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Published on August 08, 2018

Mental Health at Work

Studies show that one in five employees have a mental health disorder, the most common being depression and anxiety. Because people often hide their problems at work, many of those who suffer never get the support and treatment that could significantly improve quality of life and job performance.

To address this problem, it’s helpful to understand how mental health symptoms often present at work as compared to in other situations.

For example, a coworker who is depressed may seem nervous, restless or irritable, and complain of physical aches and pains. He or she may become passive, withdrawn, aimless and unproductive. They also may be fatigued, partly as a result of the mood disorder or because they are having trouble sleeping at night. Depression may also impair judgment or cloud decision making.

Anxiety has similar manifestations, including restlessness, fatigue, difficulty concentrating and excessive worrying. Employees may require constant reassurance about performance. Sometimes, as with depression, physical symptoms or irritability are noticeable.

If you notice these tendencies in yourself, there are simple but important steps you can take to improve your mental health. These changes may seem trivial but, in total, they represent an important lifestyle shift that can be hugely helpful in maintaining balance. It’s best to approach these with a commitment to building long-term healthy habits for your mind. They only take a few minutes, but can make an enormous difference. Here are a few:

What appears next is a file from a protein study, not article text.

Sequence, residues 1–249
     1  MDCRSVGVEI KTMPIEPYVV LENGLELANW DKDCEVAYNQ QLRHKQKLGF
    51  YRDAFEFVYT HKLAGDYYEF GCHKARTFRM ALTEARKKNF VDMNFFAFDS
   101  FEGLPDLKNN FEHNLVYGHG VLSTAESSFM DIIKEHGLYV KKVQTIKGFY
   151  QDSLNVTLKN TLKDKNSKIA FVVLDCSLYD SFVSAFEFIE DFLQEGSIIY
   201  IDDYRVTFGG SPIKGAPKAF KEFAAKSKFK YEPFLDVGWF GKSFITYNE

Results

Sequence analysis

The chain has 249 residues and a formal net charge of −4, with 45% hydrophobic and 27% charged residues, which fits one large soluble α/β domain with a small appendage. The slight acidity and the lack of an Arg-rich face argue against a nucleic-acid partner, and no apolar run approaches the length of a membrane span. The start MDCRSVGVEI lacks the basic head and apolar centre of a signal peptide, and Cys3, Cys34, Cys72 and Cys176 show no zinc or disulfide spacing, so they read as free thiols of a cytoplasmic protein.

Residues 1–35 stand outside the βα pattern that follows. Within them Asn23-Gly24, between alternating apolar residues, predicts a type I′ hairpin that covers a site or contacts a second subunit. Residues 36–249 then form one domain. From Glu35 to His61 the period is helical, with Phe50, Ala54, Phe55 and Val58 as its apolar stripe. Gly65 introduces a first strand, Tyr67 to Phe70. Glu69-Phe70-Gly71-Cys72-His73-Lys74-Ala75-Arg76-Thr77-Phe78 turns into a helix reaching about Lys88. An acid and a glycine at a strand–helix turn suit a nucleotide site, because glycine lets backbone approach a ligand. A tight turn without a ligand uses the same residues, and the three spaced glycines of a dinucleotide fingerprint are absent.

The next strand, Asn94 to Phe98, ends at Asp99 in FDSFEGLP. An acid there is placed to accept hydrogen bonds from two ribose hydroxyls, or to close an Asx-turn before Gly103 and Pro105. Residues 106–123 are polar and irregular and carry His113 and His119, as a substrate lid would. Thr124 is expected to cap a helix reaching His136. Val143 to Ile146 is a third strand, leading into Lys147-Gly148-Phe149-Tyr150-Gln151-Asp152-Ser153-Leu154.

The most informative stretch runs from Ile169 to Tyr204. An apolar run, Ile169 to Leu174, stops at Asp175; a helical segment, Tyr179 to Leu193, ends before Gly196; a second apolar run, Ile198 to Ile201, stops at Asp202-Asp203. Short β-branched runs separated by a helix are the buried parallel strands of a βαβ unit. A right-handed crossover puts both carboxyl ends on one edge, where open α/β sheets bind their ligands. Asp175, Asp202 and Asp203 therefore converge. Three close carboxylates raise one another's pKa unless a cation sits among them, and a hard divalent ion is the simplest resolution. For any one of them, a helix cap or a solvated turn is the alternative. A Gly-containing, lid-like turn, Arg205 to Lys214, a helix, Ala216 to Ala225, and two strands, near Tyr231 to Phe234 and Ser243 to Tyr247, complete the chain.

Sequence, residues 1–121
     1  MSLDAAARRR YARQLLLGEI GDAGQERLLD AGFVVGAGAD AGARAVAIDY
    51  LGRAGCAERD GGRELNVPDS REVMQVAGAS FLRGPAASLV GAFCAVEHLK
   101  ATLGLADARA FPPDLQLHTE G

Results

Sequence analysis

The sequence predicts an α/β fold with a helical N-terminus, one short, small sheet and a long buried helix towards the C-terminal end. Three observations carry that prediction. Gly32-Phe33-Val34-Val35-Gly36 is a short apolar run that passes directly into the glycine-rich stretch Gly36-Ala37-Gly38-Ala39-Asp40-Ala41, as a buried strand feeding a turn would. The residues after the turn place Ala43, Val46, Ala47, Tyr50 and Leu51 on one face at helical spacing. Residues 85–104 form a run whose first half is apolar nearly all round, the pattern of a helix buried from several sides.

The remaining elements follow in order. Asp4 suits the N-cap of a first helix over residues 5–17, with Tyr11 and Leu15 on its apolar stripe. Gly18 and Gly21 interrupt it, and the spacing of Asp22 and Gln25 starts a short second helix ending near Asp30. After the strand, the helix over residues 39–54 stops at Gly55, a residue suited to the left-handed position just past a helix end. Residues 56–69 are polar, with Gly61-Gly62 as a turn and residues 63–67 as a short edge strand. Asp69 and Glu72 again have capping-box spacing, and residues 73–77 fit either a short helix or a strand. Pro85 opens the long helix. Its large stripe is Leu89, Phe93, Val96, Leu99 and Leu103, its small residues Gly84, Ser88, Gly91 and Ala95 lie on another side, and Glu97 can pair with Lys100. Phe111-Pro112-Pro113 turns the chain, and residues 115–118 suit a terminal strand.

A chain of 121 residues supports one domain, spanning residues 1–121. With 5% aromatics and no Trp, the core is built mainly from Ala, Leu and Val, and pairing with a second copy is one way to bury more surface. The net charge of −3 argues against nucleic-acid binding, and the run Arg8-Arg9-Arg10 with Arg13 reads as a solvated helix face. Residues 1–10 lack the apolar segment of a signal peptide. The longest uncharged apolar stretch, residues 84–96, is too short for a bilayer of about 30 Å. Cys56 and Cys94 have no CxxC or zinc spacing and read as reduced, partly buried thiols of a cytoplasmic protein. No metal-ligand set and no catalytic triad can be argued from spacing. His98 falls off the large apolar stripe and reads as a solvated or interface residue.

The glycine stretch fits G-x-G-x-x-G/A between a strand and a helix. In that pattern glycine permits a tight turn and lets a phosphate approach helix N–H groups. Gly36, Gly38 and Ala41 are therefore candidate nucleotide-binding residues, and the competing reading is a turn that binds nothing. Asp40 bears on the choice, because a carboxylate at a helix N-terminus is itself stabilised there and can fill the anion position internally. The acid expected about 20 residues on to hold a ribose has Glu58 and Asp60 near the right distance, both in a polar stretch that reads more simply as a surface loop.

• Give yourself time to start your day in a relaxed way. Hitting the snooze button for as many minutes as possible before you have to run out the door sets you up for a hectic pace that can be hard to slow down. Establish a practice of getting up a half hour earlier so that you can take a few minutes to simply breathe, thoughtfully enjoy a hot drink or listen to soothing music.
  • Make your work area soothing. Plants, photos of loved ones, and inspirational quotes that you can glance at from time to time can all give you a mental boost that help shift your energy and mood.
  • Identify realistic accomplishments for the day. It’s all too easy to lay out a week’s worth of tasks to complete in a day. If the pressure is self-imposed, this only creates stress and a feeling of defeat when those tasks aren’t done. Whenever possible, be realistic about what you can accomplish. Find satisfaction with your daily achievements, big or small.
  • Take brief mindfulness breaks throughout the day. This can be a 30-second chair stretch, five deep breaths every 10 minutes (try setting an alarm on your phone to remind you!), or a walk at lunch break. You might be surprised by how restorative these simple, brief and enjoyable actions can be.

If you feel your or a friend’s mental health concerns are more than these actions can help, visit our website to take a brief, anonymous screening.

dave miers

About Dr. Dave Miers

Dave Miers, PhD, is director of behavioral health services at Bryan Medical Center in Lincoln, Nebraska.

He helped establish the Nebraska State Suicide Prevention Coalition in 1999 and chaired/co-chaired this Coalition until 2017. He currently serves on the Board of Directors. Dr. Miers is a member of the leadership group for the Lincoln/Lancaster County Suicide Prevention Coalition. Dr. Miers has published research and co-authored a chapter in the Routledge International Handbook of Clinical Suicide Research focusing on family survivors of a child suicide. Dr. Miers helped develop the Lincoln Lancaster Local Outreach to Suicide Survivors (LOSS) team in Lincoln, Neb. He also helped develop other LOSS teams in Nebraska and is active with LOSS team development on a national level.


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